Thus the case of Zuberi v Lexlaw  EWCA Civ 16 decided earlier this year is of considerable interest when considering how the regulations governing damages based agreements should be construed. There are three substantive judgments of the Court of Appeal to consider.
Lewison LJ began by noting the facts:
2. The particular factual background to this case does not affect the issue we have to decide; so I give only a short summary. Mrs Zuberi borrowed money from a bank. She subsequently brought a claim against the bank alleging that she had been missold certain financial products. She retained Lexlaw to act on her behalf under the terms of a written agreement. Eventually the bank made an offer to settle her claim, which she accepted.
3. Under clause 9.1 of the written agreement Lexlaw were entitled to 12% of any sum recovered plus expenses (such as disbursements). Lexlaw says that the sum due is just under £130,000. Clause 10 provided that if the claim was lost, the client was liable to pay expenses only. But clause 6.2 of the agreement provided:
“With the exception of the circumstances set out in clause 6.3 … you may terminate this Agreement at any time. However, you are liable to pay the Costs and the Expenses incurred up to the date of termination of this Agreement within one month of delivery of our bill to you.”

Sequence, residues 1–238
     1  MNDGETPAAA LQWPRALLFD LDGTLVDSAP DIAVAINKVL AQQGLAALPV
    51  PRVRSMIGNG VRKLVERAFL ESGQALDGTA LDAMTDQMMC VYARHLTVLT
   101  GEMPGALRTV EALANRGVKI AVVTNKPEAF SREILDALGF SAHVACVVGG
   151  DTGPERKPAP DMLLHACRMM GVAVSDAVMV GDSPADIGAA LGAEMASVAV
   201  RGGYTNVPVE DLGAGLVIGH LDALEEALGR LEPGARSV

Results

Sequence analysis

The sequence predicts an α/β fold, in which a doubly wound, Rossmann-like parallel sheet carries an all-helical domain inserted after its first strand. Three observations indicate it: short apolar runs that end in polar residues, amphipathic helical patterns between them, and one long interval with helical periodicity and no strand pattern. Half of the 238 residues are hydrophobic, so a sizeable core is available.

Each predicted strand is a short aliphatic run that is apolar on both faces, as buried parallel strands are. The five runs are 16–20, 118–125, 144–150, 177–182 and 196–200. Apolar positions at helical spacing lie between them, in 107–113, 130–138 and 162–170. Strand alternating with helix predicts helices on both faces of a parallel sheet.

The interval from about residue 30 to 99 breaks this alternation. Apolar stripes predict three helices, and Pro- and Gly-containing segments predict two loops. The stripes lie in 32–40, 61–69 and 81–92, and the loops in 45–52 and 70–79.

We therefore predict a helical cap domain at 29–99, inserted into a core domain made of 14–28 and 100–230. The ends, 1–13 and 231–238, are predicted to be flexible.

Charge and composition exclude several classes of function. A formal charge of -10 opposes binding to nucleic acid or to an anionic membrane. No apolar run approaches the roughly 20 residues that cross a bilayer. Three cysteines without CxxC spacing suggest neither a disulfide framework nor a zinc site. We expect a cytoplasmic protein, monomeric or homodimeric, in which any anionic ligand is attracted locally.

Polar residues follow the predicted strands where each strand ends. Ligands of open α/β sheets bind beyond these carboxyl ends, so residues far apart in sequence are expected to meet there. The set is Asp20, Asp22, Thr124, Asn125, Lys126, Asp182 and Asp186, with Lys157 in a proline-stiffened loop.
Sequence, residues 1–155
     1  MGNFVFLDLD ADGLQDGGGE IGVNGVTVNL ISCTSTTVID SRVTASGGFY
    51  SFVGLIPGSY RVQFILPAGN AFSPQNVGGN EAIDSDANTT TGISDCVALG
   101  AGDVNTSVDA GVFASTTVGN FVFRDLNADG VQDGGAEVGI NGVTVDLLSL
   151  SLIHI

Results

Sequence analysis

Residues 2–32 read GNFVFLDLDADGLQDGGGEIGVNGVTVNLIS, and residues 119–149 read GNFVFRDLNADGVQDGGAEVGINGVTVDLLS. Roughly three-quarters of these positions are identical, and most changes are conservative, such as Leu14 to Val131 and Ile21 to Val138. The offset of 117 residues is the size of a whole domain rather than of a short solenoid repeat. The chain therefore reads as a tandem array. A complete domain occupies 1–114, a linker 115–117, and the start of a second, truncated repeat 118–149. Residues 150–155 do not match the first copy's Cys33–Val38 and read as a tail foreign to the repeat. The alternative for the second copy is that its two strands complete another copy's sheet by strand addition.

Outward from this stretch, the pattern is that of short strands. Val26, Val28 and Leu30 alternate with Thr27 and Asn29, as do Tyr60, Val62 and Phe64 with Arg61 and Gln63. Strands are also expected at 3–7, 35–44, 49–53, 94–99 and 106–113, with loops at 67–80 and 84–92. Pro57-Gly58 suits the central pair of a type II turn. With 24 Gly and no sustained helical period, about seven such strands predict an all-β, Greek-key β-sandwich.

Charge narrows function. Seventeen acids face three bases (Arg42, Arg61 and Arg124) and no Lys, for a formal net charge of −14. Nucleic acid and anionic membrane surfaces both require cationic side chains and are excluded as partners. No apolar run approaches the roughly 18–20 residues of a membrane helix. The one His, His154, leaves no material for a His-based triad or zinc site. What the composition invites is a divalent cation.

4. The expression “Costs” was defined as time charges at an hourly rate for time spent working on the claim; and the expression “Expenses” was defined as the cost of instructing third parties plus disbursements.
Interestingly, and controversially he construed the damages based agreement narrowly:
33. There are two possible views of what the DBA consists of. One view is that if a contract of retainer contains any provision which entitles the lawyer to a share of recoveries, then the whole contract of retainer is a DBA. In other words, a DBA is a contract which includes a provision for sharing recoveries. But another view is that if a contract of retainer contains a provision which entitles a lawyer to a share of recoveries; but also contains other provisions which provide for payment on a different basis, or other terms which do not deal with payment at all, only those provisions in the contract of retainer which deal with payment out of recoveries amount to the DBA.
34. In my judgment, there are good reasons for preferring the latter view. First, the object of the legislation was to permit the remuneration of lawyers by means of a share of recoveries. Second, the only part of the common law that needed to be changed to achieve that purpose was the rule against champerty. As I have said, at common law the contract of retainer, shorn of clause 9.1, would have been enforceable. There was no particular reason for Parliament to modify the other statutory and regulatory controls over lawyers’ fees. Third, there is a presumption that Parliament does not intend to change the common law, except expressly or by necessary implication. There is no express provision which displaces the common law (except the rule against champerty). Fourth, the legislation cannot be said to be undermined by the co-existence of the common law. Fifth, the legislative scheme is far from comprehensive.
He went on to explain why termination provisions including a payment for “the time on the clock” did not impugn the statutory scheme.
However these paragraphs state an approach which was far wider than was necessary to determine the appeal.
Moreover it is an approach that the second substantive judgment, that of Newey LJ disagreed with: